West Concord task force will look at Legion, 207 Main options
West Concord City Council members have agreed to set the wheels in motion to organize a task force of community members to consider the issues around a community center and the futures of both the current American Legion Hall and the former hardware store.
Adeline Schletty, Donna Fitzgerald and other members of the West Concord Legion Post and Auxiliary came to last week’s council meeting to ask if the city was interested in joining with others in the community to find a solution to the current situation.
The American Legion Hall downtown is in poor repair and would cost more to fix than the Legion Post can afford. The hall also serves as a major gathering place for community get-togethers.
The West Concord EDA purchased the former hardware store building on Main Street last summer and currently has it listed for sale. In the meantime the building has been used for Christmas in West Concord and other community events.
In response to a question from Councilmember Al Gilbert regarding an earlier committee that was set up to look at options, Fitzgerald said that group was formed but “nothing really happened” and meetings were not held.
Gilbert said “something needs to be done” about the situation, whether it’s repairing the current Legion, building a new building or making use of the hardware store building.
Schletty said any task force formed needs to include a variety of people and organizations in the city including the churches.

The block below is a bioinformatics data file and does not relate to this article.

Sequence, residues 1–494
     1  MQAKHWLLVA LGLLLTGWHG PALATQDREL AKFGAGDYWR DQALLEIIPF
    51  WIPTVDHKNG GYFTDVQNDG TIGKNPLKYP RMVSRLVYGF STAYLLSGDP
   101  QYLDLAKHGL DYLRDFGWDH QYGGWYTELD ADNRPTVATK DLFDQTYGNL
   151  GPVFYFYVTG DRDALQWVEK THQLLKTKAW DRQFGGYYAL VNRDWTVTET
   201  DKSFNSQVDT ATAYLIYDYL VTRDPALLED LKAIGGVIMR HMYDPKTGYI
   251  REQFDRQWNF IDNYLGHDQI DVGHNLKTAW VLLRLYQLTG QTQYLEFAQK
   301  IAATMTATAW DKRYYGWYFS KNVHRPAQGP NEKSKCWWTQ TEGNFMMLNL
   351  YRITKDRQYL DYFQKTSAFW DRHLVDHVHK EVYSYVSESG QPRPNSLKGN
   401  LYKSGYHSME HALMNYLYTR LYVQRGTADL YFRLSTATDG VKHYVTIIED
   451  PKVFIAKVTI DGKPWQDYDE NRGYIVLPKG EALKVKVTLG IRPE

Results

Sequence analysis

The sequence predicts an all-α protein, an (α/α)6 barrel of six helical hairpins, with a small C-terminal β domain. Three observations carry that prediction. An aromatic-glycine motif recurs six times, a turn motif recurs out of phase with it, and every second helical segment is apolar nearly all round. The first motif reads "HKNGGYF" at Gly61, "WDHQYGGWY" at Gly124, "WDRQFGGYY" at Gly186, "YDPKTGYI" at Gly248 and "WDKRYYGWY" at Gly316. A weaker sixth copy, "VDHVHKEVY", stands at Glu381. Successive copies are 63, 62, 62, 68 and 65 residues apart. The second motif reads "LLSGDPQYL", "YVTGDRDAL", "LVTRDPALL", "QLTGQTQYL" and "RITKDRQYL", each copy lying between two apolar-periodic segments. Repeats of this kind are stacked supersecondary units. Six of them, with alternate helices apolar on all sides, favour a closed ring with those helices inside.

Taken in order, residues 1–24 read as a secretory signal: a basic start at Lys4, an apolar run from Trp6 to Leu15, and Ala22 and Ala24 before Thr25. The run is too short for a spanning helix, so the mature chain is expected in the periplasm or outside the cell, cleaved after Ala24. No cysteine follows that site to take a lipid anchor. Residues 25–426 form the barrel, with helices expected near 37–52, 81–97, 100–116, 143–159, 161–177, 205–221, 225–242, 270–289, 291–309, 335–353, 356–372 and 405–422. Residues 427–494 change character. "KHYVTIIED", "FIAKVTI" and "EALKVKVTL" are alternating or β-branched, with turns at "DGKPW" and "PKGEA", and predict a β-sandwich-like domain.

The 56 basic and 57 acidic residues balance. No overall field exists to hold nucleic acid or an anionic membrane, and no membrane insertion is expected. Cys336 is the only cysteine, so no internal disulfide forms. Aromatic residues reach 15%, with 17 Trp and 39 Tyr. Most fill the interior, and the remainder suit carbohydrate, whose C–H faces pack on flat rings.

Legion Member Joe Quam said the Post realizes that the best scenario for the city would be to sell the old hardware store building and get it back on the tax roll. The Legion Hall is not in imminent danger of collapsing, he said, but something does need to be done.
Legion Commander Myron Ehrich pointed out that a Legion Hall/Community Center will keep events such as weddings and parties in West Concord rather than going out-of-town.
Schletty added that the Legion and Auxiliary only need a place to meet but both groups are committed to the community.
Mayor Jeffrey McCool said he appreciated the worth of the Legion and Auxiliary to the community and still believes in a community effort to come up with a solution. He said the previous committee had fallen apart and now that the Legion has approached the council he believed the city had more power.
He said the city could now take that community interest and re-organize a committee.
“I don’t know what the answer is,” McCool said. He said the city bought the old hardware store building with money received from Rochester sales taxes because council members did not want the building to deteriorate or became a storage building like some other structures on Main Street.
The city got $80,000 from Rochester with the stipulation that it be used for economic development. The hardware store building, he said, was purchased using $40,000 of that money.